Yeah, the the Exactly. You’ve touched on so many points, one that that you made me think of is just this, this sort of, you know, with that attitude of the relationship of an of an employer looking at it as a relationship with the employee, as opposed to the employ being, you know, an asset or just a there’s some word between asset and pawn in the middle there that I can’t think of at the moment. But, you know, really understanding that implicit in that is that, you know, hey, when you left us whether, you know, whether we had to lay you off, because of business conditions, or because you left, there’s no, you know, there’s no psychological splitting there, right, we’re not looking at you as a bad, it’s all bad or all good, right. And so we understand that, that you’re somebody who’s going to come back, or that we might we understand we, we have enough self awareness and enough ability as an organization to, to look inward and understand that we are going to, we may well need somebody, again, who has left for any reason, whether it’s because of us, whether we you know, precipitated it, or they did it of their own volition. And that’s, that’s a really important point. One other thing that you brought up, that’s, that’s, that really parlays, or dovetails with something that I’ve been seeing a lot is just that, and I like to say, you know that this is just really kind of a plan words. But I like to say the employee experience begins before the employee is even an employee. Right. And of course, that’s what the term talent experience is for. So you know, but at the same time, you know, we have this, we have this term employee experience that is really taken over and you haven’t seen the same sort of preponderance of permeation proliferation of the term talent, talent experience. So though, it’s definitely a term of art in our industry, but that’s really interesting, too. And, and you mentioned sort of the two phases that I’ve kind of got that have, that have led us to where we are and one being sort of, you know, being able to to harness and marshal all that data from talent management into one place to produce, you know, actionable or useful analytics and that I definitely recall that phase I lived through it from the outside looking in. But also the other piece of it is, you know, really thinking through employee workflows to make to accommodate the way people work. As so that talent management could accommodate can be most well matched to how people work. Right? So they can reflect the talent experience in that way. And, and I wonder if maybe that was, is do you think that was the genesis of the the idea that is now everywhere if the employee experience?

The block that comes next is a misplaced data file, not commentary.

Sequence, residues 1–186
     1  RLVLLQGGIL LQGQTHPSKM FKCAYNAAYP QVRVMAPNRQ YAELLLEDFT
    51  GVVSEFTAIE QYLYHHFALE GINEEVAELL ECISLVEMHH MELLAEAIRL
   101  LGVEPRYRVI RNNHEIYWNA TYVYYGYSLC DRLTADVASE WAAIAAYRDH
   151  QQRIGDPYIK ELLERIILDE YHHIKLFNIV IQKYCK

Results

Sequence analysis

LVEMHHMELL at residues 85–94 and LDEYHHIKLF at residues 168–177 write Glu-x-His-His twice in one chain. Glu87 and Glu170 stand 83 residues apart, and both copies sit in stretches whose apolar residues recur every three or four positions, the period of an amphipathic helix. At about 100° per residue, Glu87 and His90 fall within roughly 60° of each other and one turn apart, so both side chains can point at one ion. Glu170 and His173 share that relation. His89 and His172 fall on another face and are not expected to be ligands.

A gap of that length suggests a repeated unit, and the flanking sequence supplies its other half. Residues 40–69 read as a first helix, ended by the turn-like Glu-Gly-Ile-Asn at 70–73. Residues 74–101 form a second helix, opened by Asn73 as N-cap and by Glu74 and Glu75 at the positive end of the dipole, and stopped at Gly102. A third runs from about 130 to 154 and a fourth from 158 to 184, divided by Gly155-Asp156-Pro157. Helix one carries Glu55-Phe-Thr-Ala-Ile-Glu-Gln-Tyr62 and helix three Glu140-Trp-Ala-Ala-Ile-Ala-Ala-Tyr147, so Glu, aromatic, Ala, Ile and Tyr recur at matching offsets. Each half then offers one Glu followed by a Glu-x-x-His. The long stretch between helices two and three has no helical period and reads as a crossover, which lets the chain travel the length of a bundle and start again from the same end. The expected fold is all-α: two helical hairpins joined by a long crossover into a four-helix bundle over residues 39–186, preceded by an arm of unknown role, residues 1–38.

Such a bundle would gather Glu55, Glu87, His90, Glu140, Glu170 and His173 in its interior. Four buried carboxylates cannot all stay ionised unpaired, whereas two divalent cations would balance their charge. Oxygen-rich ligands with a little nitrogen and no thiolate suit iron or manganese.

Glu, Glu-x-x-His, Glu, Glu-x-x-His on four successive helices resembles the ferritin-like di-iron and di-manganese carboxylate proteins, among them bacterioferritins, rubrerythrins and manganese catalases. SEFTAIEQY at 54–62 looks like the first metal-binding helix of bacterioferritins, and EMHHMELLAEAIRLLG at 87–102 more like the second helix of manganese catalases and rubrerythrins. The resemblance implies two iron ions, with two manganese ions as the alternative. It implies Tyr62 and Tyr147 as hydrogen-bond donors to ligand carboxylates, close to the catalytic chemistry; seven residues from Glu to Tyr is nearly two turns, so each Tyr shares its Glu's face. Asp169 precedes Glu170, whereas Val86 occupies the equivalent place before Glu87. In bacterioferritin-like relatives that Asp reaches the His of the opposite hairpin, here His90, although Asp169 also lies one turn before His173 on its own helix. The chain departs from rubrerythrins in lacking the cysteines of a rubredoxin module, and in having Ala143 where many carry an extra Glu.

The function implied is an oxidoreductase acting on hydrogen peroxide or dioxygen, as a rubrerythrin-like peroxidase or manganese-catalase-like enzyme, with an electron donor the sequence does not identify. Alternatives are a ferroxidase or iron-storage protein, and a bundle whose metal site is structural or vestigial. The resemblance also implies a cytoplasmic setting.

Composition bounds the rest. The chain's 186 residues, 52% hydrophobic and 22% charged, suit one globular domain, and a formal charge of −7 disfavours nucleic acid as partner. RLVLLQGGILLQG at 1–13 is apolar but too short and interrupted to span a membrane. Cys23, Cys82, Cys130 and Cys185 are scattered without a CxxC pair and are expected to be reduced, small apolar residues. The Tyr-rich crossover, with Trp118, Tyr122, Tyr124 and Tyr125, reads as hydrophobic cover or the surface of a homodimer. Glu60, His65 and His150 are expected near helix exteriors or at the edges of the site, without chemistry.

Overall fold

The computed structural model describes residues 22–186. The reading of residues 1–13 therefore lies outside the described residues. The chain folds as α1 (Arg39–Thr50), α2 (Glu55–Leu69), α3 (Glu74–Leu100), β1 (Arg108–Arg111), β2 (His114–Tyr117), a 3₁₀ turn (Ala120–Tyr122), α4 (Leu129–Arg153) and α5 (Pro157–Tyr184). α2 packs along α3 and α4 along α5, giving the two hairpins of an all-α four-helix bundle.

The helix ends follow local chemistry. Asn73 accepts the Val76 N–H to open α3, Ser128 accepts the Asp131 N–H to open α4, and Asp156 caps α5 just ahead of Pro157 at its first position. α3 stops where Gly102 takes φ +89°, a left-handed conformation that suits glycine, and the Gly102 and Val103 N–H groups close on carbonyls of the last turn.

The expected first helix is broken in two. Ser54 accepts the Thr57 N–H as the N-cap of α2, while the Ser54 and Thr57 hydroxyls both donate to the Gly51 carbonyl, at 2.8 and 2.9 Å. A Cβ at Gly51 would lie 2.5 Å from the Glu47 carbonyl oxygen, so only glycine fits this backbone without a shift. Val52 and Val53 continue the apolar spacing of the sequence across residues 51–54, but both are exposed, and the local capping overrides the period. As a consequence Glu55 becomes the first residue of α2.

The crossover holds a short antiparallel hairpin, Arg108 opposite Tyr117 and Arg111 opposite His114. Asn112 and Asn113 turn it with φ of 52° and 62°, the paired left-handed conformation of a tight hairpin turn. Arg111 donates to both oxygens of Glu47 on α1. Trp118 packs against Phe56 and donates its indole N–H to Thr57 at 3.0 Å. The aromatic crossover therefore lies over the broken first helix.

Purbita Banerjee 15:24
You know, that may have been the Genesis, but I think the real accelerant came when the whole like digital workplace started, right? Three years ago, or three years ago? Yeah. So it was, what happened was all employees suddenly felt like they didn’t have an anchor, they weren’t going into the office. So they weren’t really meeting people. And they were all in the digital world. And organizations had to instantly think about, Well, how am I going to engage people when I don’t see them every day? And what are they looking for. And at the same time, I think there was also this whole, like, entry of the Gen Z workforce, I think both of these really changed employee expectations from employers, and employer expectations of employees, right. Being with an organization is no longer that sticky. People keep moving around, which is the whole notion of they may move around and potentially come back, right? Maybe as a leader one day, maybe as a different role. So this whole concept of an alumni of an organization, I think, is a powerful one that you’ve invested in someone so much don’t like, you know, think about how you might at some point, and then in a different way, a different word, they can come together. The other thing was the b2c world, right? Employee expectations from being on all of the social media platforms and everything else that they’re doing and learning elsewhere. What they expect out of the enterprise has changed completely. And there was a lot of this notion around, you know, we need to be more b2c focused. And, you know, we need to design with the employee in mind. And so that’s that happened quite a bit over the last five years, too, I would say, and where, what where we’re sitting on right now, and something that I feel has to get reconciled is this convergence of the b2b world and the b2c world, right? And I’m seeing that a little bit on the learning side already, right? Think of some of the big players like Udacity, Udemy, you know, others, right? They’ve got this whole, like learning marketplace where employees or anyone really can go in and learn. They also have their enterprise offerings, right? Imagine an employee working at an organization and they invest a bunch of their time and learning, you know, learning new skills, getting a says getting feedback, you know, getting new experiences. And then they leave and go to another organization, what happens to all of their history? If you really want to make it employee centric, wouldn’t you carry their profile and their achievements, accomplishments into the next role, right. And we have to solve the, the who pays for it part of it show right as a business model, and what happens right next, and there’s privacy and everything. But that is a problem. Like when you’ve invested the organization has invest in an employee has invested in that, in that time effort to get upscale employees would want to carry right, so there’s been this notion of